One of our favourite Glasgow singers, Emma Pollock, is poised to release her latest solo album, In Search Of Harperfield, on Chemikal Underground Records, the fine, fine indie label which she set up with her bandmates in The Delgados way back in 1995 and which paved the way for so many other DIY labels and projects in the city.
The 13th Note scene from which the band and label emerged is featured in our regular Merchant City Music Past and Present tour and is so celebrated that there is even a documentary film, Lost In France, currently in production about a fateful French festival trip undertaken in the late 90s by artists on the label.
Emma Pollock launches In Search of Harperfield with a gig at Oran Mor, Glasgow on 29 Jan as part of Celtic Connections
Glasgow Music City Tours guide and Scotsman music writer Fiona Shepherd spoke to Emma recently about Glasgow’s DIY indie culture and the glory days of Chemikal Underground.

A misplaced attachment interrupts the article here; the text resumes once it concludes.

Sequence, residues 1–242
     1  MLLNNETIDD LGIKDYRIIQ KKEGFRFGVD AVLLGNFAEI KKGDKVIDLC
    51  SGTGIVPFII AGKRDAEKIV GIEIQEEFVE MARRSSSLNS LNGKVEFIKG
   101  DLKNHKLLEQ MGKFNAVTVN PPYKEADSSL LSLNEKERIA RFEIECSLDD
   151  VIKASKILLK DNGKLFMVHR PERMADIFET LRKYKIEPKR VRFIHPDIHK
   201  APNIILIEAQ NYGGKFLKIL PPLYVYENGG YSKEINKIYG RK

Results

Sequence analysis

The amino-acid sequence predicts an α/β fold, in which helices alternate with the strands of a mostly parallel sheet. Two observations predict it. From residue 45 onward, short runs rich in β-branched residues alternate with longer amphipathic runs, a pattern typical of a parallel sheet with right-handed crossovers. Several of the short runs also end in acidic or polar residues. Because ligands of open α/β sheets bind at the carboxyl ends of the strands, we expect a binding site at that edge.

What are your memories of the scene in Glasgow when The Delgados were starting out?
I don’t think there is any doubt that if I’d gone to university anywhere else, certainly in Scotland, I wouldn’t be in a band just now. I just don’t think there would have been the riches that were all around us at the time to dip into. Glasgow at that time – and I would argue still – was absolutely teeming with new bands and nights at the 13th Note – the 99p club, the Kazoo Club, Club Mouth. And there was just gig after gig after gig in King Tut’s. Continue reading →